# Are quantum properties really indeterminate, or just unknowable?

Early on, it seems like Heisenberg's uncertainty principle was regarded as a principle of ignorance. That is, it says what's possible to measure or to know, rather than what actually is.

However, since its discovery, the uncertainty principle has predominately been interpreted as a principle of indeterminacy. That is, it's not just that we can't perfectly measure an electron's position, rather it's that the electron doesn't have an exact position.

Is the original epistemological interpretation still valid, or are there other reasons to believe that quantum properties are really indeterminate, i.t. not just unknowable?

• Possible duplicates: physics.stackexchange.com/q/24068/2451 , physics.stackexchange.com/q/54184/2451 , physics.stackexchange.com/q/114133/2451 and links therein. – Qmechanic Dec 23 '17 at 17:09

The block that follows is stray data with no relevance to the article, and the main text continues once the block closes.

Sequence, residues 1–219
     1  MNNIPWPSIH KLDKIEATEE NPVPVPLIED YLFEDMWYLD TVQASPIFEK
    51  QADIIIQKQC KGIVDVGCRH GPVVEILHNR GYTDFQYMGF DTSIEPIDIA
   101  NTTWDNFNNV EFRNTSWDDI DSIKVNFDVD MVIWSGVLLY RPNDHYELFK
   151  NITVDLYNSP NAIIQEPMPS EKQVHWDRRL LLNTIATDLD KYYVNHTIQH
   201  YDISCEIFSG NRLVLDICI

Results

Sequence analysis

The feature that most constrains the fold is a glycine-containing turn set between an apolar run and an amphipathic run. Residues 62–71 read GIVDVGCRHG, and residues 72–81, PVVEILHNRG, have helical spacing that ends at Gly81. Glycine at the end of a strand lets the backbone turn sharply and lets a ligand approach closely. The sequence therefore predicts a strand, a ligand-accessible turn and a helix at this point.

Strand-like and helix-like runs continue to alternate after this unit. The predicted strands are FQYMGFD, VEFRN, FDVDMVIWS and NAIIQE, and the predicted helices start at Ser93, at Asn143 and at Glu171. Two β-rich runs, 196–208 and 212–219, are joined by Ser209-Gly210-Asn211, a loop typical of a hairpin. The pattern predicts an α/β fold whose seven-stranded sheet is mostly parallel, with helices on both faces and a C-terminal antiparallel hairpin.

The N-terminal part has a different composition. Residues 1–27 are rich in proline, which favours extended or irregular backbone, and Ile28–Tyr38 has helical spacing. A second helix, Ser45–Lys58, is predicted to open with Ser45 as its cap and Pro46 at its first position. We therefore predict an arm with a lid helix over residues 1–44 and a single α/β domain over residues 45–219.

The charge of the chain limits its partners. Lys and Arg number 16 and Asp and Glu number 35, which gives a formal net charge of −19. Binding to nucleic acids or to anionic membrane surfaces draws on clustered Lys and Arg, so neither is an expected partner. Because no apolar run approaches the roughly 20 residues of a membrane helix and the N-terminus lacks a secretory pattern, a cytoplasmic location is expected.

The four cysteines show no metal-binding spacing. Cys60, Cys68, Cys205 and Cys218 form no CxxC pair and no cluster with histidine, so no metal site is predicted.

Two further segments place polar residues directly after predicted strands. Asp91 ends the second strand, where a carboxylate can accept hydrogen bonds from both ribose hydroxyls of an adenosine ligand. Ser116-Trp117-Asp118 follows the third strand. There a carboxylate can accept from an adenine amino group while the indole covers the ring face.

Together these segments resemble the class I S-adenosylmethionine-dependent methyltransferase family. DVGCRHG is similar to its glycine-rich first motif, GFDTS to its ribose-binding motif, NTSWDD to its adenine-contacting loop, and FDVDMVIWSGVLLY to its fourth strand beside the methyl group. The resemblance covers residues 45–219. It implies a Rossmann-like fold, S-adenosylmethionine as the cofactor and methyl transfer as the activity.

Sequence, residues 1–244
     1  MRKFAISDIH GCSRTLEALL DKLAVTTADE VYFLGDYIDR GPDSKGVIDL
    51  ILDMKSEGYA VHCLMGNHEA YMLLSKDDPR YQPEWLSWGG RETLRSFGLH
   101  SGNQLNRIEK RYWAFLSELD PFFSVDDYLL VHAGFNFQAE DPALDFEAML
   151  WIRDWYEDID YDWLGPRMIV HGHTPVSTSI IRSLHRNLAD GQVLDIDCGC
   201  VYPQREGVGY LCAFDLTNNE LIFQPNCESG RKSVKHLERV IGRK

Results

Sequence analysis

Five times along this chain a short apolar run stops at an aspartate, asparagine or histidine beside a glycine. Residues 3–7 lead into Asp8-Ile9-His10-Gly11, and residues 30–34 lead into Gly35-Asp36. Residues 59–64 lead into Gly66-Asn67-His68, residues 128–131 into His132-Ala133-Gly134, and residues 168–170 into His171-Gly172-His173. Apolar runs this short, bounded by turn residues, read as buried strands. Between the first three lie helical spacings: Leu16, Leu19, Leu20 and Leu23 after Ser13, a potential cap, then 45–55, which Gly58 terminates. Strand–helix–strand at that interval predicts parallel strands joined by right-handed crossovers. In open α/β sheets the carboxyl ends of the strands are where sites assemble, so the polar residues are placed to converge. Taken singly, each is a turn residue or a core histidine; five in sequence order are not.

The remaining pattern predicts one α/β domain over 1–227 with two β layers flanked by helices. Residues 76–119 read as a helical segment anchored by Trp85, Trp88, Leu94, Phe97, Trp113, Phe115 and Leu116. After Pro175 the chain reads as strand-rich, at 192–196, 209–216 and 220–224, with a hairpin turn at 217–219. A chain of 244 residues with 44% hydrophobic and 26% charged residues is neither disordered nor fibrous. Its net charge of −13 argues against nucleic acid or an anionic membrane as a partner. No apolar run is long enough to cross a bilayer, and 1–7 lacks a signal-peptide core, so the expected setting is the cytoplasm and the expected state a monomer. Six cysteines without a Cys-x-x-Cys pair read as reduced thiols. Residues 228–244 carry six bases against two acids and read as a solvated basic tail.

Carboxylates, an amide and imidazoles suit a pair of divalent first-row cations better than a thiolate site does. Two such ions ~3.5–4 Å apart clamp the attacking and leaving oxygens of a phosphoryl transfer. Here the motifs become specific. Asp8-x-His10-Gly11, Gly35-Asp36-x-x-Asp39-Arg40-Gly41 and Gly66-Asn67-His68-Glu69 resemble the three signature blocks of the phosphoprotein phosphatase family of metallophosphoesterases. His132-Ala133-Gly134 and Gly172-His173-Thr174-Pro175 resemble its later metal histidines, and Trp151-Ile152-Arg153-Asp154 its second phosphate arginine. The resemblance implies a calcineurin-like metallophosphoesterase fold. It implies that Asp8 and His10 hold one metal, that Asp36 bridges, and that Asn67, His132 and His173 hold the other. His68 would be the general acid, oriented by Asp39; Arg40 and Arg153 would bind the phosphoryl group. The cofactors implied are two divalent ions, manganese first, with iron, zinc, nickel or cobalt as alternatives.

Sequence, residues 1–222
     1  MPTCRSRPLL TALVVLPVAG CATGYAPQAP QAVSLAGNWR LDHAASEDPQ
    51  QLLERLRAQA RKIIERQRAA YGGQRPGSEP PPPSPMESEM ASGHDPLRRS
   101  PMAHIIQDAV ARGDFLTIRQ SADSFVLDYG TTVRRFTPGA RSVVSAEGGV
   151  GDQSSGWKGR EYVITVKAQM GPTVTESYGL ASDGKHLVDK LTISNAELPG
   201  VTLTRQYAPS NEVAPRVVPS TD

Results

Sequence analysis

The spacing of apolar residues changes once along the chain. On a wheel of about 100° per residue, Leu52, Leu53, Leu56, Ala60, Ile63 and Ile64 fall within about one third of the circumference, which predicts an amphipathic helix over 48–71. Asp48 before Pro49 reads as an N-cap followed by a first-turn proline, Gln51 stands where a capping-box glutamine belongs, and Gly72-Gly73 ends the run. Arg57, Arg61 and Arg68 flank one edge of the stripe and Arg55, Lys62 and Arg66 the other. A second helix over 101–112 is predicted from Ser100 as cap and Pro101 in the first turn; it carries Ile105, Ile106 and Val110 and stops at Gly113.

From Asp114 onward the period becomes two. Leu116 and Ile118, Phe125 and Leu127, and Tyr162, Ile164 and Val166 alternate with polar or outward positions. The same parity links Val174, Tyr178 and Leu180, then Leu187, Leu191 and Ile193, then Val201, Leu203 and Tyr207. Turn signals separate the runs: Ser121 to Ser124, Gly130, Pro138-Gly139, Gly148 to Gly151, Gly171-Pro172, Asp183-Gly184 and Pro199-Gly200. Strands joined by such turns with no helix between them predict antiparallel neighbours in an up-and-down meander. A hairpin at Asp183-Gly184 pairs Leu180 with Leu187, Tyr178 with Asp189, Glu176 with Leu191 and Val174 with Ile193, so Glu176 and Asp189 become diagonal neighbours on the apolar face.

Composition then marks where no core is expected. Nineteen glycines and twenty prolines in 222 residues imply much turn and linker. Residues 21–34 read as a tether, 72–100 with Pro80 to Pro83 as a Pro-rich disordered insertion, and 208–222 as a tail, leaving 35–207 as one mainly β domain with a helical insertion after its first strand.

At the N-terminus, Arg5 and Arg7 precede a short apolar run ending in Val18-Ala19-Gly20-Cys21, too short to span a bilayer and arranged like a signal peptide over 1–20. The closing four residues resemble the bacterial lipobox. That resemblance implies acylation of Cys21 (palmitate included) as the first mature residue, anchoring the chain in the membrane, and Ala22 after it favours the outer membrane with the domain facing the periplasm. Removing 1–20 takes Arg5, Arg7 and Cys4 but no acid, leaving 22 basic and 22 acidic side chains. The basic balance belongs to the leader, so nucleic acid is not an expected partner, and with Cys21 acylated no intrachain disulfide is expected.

• What's the scientific difference between indeterminate and unknowable? – DanielSank Dec 23 '17 at 17:20
• Violation of the Bell inequality strongly suggests that things are in fact indeterminate. – noah Dec 23 '17 at 17:23
• That is, it's not just that we can't perfectly measure an electron's position, rather it's that the electron doesn't have an exact position. You can measure an electron's position, and it is possible for an electron to have an exact position. The Heisenberg uncertainty principle places a bound on $\Delta x\Delta p$, not on $\Delta x$. – user4552 Dec 23 '17 at 17:53
• The early development of quantum mechanics was quite hand-wavy, in the sense that a consistent, logical, and rigorous framework had yet to be worked out. The idea that the uncertainty principle corresponds to ignorance rather than to indeterminacy is a semi-classical notion which has since been corrected. – J. Murray Dec 23 '17 at 17:58